At Oenpelli today, the Kunwinjku people continue to carry on the artistic traditions handed down by their forebears, creating artistic images of their Dreamings with ochres on bark and paper, which are closely aligned with the archaeological records. In the Kimberley region of northwestern Australia, Morphy notes other unique images known as Wandjina and Bradshaw figures, which dominate the rock art galleries of the area. The Wandjina are almost human in form with large round eyes, slim noses and no mouths. The heads are surmounted by a halo, and the figures are often depicted with an oval shaped form on their chests. The Wandjina are thought to have come from the sea and sky and after creating the landscape, they were absorbed into the walls of rock shelters. The tradition of the Wandjina dates from about 1,500 years ago and continues into the present. The Bradshaw figures represent human-like beings often depicted carrying ceremonial objects. However, their true significance remains unknown.
Of the Aboriginal contemporary art movement, the most widely known is that of the central desert region. Despite a long-standing tradition of art and craft production, the contemporary art movement is considered to have begun in 1936 with the Aboriginal artist Albert Namitjira, who followed the European style of his teacher, Rex Battarbee. However, it was not until 1971 that a new tradition arose: that of depicting traditional ceremonial body painting and ground sculpture designs on western material, culminating in the acrylic art movement.
The movement began at the small settlement of Papunya, 245 km northwest of Alice Springs, when white Australian school teacher, Geoffrey Bardon, encouraged senior Aboriginal men to draw and paint their traditional imagery, initially with natural ochres and acrylic house paint on scraps of plywood, followed by the more stable medium of artists' acrylic paint on canvas.
The paintings were of immediate significance, and as the demand for the works slowly increased, it brought with it a degree of financial independence for the artists. The success of this venture spread to other language groups throughout the desert region. Over the ensuing years, numerous Aboriginal communities established their own art movements, with each group presenting unique depictions of their artists' Dreamings.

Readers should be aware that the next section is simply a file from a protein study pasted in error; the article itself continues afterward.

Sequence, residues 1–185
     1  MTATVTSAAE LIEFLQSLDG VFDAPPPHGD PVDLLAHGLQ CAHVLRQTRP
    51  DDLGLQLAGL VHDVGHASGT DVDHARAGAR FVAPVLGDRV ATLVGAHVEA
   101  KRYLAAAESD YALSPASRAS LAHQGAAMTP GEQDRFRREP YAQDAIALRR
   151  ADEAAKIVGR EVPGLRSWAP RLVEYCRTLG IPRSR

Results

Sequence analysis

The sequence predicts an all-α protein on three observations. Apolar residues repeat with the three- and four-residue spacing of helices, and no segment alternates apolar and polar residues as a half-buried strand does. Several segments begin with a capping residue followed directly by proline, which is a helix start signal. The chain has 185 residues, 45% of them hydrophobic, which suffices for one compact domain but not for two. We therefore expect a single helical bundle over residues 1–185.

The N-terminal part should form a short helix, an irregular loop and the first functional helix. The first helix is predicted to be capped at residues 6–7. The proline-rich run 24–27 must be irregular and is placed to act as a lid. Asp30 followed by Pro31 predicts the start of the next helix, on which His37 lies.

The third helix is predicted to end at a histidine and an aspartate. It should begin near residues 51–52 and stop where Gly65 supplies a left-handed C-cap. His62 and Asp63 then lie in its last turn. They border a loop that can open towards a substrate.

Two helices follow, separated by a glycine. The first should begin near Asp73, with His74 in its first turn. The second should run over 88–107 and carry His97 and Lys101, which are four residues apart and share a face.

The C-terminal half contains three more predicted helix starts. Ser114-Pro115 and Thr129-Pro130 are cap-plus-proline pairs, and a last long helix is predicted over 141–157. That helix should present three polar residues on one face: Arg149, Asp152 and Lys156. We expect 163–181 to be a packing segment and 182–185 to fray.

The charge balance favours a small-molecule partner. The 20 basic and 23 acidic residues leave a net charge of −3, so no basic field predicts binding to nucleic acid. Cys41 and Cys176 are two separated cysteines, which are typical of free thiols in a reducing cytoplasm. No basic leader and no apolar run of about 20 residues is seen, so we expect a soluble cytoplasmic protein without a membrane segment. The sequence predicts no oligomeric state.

Central-desert acrylic paintings are at the forefront of Australian contemporary art sales. Following their international debut in the 1980s, the works are now sought after by the cognoscenti the world over.
Within the landscape of Aboriginal Australia today, the artists of the Centralian region have received the greatest international recognition and, in doing so, have changed the perception of what were once considered images of "tribal" or "ethnographic" art, to images that are now generally admired as 20th-century art - images borne out of antiquity, brilliantly coming to life, a window on the past, a record of the present and a commitment to the future.
The art of Aboriginal Australia is an expansive subject, and Morphy's book skilfully educates the reader through its 11 informative chapters. Aboriginal Art presents one of the most complete studies available, surveying the social and cultural aspects of the many language groups: the rock art history, religion and material art culture. Thoroughly researched and written with elegance, this authoritative work has quickly established itself as a most important volume, an essential reference work for scholars and lay readers alike.
David Cossey is director, Gallerie Australis, Adelaide, Australia.
Author - Howard Morphy
ISBN - 0 7148 3752 0
Publisher - Phaidon
Price - £14.95
Pages - 447